It is a typical school with facilities that you would usually find in any other school such as an indoor sports hall, a field and a gym. It does not have anything spectacular but I still cherish it. I cherish it not for what the school had to offer but I cherish it because of the memories made in the halls. I cherish the memories that the classrooms carry, the memories that the canteen reminds me of, the memories that I can recall from each nook and cranny. It is the memories that were made there which makes my secondary school a place that I cherish. Now, whenever I walk those corridors and look into the classrooms, I remember all the fun I had, all the laughter and drama that happened.

A place that we cherish holds a lot of sentimental and emotional value, it is the nostalgia that comes with it that makes us feel attached to it, a certain longing for it.

To me, the places that I cherish will always have a place in my heart and when I am to visit them again in the future, I am sure that all those memories of the past will come flooding back in.


Life Is Counted in Memories Not Years

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Life Is Counted In Memories Not Years

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The title was taken from an engraving on a gravestone when I went to visit the cemetery recently.

“Life is counted in memories not years” is a wonderful quote and I completely agree with it.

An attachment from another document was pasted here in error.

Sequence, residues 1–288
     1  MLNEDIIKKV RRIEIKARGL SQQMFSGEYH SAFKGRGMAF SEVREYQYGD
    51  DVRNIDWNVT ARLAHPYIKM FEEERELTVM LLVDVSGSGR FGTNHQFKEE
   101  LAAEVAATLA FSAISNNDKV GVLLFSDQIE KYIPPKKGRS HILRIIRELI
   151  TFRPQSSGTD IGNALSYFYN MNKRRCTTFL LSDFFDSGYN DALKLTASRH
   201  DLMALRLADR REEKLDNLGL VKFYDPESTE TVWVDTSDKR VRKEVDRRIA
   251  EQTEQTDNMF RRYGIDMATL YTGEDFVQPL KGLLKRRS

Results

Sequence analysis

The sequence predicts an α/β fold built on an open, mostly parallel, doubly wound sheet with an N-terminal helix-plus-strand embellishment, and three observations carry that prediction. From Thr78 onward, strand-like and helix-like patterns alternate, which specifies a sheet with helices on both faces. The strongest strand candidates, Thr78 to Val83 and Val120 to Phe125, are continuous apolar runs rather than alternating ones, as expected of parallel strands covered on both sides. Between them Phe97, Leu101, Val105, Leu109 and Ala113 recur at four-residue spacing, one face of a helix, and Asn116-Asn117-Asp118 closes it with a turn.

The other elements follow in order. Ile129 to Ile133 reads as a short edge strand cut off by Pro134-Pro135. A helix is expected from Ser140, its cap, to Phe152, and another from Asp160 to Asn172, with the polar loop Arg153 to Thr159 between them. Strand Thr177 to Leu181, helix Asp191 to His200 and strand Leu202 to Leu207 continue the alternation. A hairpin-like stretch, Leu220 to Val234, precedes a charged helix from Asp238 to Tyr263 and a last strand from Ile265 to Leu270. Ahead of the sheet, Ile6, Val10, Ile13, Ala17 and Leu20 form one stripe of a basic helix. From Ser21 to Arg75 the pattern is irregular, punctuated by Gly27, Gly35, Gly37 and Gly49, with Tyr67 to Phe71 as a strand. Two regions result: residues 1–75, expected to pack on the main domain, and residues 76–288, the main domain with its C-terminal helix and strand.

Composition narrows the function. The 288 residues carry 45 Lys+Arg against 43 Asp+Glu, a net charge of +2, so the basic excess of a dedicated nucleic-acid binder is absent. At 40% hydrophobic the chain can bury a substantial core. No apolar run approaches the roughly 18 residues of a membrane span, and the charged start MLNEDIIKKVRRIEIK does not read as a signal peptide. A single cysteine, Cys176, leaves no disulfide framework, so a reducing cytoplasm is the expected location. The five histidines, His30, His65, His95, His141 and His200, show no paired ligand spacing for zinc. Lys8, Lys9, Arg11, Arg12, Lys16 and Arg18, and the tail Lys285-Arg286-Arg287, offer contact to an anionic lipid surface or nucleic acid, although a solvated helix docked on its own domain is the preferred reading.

Sometimes we forget that the memories that we form from our experiences in life are much more important than the number of years that we have lived so far.

Imagine waking up as an 80-year-old with cracking bones and sore muscles thinking about whether you have truly lived life. You tried to recall all the experiences and memories that you had when you were younger but realised that it did not amount to much. You began to realise that most of the years that you have lived are empty years without any wonderful memories. Those empty years are instead filled with routine work and so much procrastination, chasing after something material that never lasts. You feel deep regret because you know that you should have used your younger years better by experiencing and exploring life. Now, when you finally realised that living a long time does not matter, it is already too late.

I have always found value in memories over many other things and when I saw that engraving on that gravestone, it brought me new found motivation to learn and explore the world as much as I can. I have this ultimate dream that when it is time for me to die, I would want to be on my deathbed with a wealth of beautiful memories that I can tell my children and grandchildren and pass knowing that I have truly lived life.